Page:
Thus there has developed somewhat of a dilemma in electrical sliding contact design for space and other severe applications in that a proper balance between lubricating effectiveness and minimum electrical losses must be achieved.
Accordingly, it is a primary object of the present in vention to provide for'improved self-lubricating electrical sliding contacts of such quality as to minimize electrical losses and contact resistance, the contact being suitable 3,303,370 Patented Feb. 7, 1 967 for use in low pressure or vacuum, and low oxygen applications over a wide range of temperatures.
Another object of the invention is to provide solid lubricant members possessing good electrical conductivity and being highly useful in bearings and other mechanical devices requiring good lubrication.
Another object of the invention is to provide, in dynamoelectric machines, improved self-lubricating sliding electrical contact members characterized by minimum contact resistance losses, the contacts being suitable for low pressure or vacuum, and low oxygen applications over a wide range of temperatures.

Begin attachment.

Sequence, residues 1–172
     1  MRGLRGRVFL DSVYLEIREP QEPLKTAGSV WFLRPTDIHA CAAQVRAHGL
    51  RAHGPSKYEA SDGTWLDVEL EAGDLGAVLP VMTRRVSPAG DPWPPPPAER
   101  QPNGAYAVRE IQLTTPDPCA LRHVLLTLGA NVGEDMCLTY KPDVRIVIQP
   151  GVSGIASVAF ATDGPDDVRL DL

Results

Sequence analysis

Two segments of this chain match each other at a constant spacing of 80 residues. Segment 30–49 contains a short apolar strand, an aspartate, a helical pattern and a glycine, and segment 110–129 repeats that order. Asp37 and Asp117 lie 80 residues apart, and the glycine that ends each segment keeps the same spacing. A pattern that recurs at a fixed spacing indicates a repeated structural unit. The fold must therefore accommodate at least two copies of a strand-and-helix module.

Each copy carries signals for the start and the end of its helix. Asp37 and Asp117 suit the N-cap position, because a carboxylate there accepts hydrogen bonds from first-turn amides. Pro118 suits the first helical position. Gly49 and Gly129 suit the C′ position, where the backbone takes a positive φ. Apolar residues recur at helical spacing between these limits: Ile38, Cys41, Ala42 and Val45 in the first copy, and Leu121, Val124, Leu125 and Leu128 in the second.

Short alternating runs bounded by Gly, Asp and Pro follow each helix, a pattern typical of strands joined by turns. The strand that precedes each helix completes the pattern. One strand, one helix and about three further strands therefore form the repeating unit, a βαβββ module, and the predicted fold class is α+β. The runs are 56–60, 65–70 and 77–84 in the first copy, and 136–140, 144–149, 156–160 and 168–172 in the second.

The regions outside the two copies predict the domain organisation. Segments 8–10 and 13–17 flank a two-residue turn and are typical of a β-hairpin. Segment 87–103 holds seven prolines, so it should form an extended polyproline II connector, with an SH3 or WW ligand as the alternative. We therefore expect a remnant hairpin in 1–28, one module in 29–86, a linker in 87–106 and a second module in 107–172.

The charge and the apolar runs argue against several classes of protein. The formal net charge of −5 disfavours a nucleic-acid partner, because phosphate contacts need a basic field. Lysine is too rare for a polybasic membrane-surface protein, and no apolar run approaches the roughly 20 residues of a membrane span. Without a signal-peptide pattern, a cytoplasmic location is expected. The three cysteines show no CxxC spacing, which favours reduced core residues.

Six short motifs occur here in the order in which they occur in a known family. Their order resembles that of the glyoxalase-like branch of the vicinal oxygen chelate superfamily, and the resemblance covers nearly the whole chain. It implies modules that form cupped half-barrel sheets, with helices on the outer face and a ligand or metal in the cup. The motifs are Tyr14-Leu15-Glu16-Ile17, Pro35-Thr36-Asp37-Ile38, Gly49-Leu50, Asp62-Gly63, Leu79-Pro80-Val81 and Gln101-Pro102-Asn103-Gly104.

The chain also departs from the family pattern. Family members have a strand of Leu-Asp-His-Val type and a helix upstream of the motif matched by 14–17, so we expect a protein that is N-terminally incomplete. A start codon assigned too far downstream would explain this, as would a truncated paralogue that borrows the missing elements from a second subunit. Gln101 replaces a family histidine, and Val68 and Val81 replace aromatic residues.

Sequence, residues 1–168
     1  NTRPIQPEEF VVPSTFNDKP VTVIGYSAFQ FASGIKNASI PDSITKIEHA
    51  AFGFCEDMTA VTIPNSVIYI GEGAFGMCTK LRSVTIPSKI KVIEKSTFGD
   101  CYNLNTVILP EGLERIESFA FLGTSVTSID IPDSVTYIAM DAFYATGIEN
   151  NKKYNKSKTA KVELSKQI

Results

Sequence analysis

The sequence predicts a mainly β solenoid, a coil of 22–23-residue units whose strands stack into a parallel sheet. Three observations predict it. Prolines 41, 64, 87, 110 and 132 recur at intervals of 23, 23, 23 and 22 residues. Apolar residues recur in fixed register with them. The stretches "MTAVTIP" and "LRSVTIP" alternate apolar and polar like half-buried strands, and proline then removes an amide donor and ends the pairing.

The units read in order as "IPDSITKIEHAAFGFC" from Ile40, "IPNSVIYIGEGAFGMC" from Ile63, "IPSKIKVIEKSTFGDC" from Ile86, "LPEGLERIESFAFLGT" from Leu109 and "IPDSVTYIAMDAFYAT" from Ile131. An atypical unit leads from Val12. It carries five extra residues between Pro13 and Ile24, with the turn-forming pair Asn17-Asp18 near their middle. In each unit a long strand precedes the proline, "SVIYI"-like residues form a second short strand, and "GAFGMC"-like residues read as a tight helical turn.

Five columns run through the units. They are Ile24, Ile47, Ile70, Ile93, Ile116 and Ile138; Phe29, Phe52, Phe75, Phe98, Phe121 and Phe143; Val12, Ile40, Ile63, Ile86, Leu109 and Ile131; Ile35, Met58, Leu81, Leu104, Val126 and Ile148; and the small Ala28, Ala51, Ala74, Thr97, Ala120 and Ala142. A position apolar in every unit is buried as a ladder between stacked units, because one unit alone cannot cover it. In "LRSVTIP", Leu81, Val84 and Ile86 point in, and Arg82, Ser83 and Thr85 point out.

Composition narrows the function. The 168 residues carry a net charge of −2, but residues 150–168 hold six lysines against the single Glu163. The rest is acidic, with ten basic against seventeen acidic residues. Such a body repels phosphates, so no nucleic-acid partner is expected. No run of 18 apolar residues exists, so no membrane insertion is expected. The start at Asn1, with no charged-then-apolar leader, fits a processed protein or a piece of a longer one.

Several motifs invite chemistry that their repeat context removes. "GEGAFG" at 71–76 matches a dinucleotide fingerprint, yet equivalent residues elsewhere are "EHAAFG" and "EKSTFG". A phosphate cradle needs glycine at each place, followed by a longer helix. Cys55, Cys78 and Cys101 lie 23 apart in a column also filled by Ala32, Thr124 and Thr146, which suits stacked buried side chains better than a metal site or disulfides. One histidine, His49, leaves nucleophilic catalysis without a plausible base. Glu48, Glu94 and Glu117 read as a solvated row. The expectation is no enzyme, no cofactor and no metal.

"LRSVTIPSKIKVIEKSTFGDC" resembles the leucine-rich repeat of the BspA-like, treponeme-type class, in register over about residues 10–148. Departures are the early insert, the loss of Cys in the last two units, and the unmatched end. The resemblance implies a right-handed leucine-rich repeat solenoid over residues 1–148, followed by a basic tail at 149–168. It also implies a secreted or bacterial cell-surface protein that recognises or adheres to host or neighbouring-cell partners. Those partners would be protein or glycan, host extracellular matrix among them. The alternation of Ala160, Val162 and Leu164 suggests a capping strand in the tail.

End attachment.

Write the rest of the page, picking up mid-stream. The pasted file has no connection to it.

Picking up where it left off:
Another object is to provide a method for lubricating surfaces in movable contact with one another by disposing therebetween a selected solid lubricant, alone or in combination with fluid vehicles or suspension media.
Another object is to provide a method for lubricating surfaces in movable contact with one another by disposing at least at one such surface a bonded lubricating layer or film comprising a selected solid lubricant and a resin or metal binder.
Another object is to provide a method for improving anti-friction properties of a member subject to mechanical friction by applying at least to the friction subjected face thereof, a selected solid lubricant alone or in combination with resin or metal binders or in combination with fluid vehicles or suspension media.
Another object of the invention is to provide for articles of manufacture comprising members suitable for relative movement with respect to other members with low friction therebetween, the members exhibiting at least at the contacting faces thereof a lubricating film comprising a selected solid lubricant alone or in combination with plastic resin or metal binders or in combination with fluid vehicles or suspension media.
These and other objects of the invention will become apparent from the following detailed description when taken in conjunction with the accompanying drawings, in which:
FIGURE 1 is an elevation, in cross-section, of a selflubricated electrical contact brush;
FIG. 2 is an elevation, in cross-section, of a selflubricated electrical contact brush; and
FIGS. 3 to 5 are elevations, partly in cross-section, of an embodiment of the invention in bearings.
Basically, the present invention relates to the novel application of niobium diselenide possessing the highly unusual combination of both good anti-friction and good electrical conducting properties.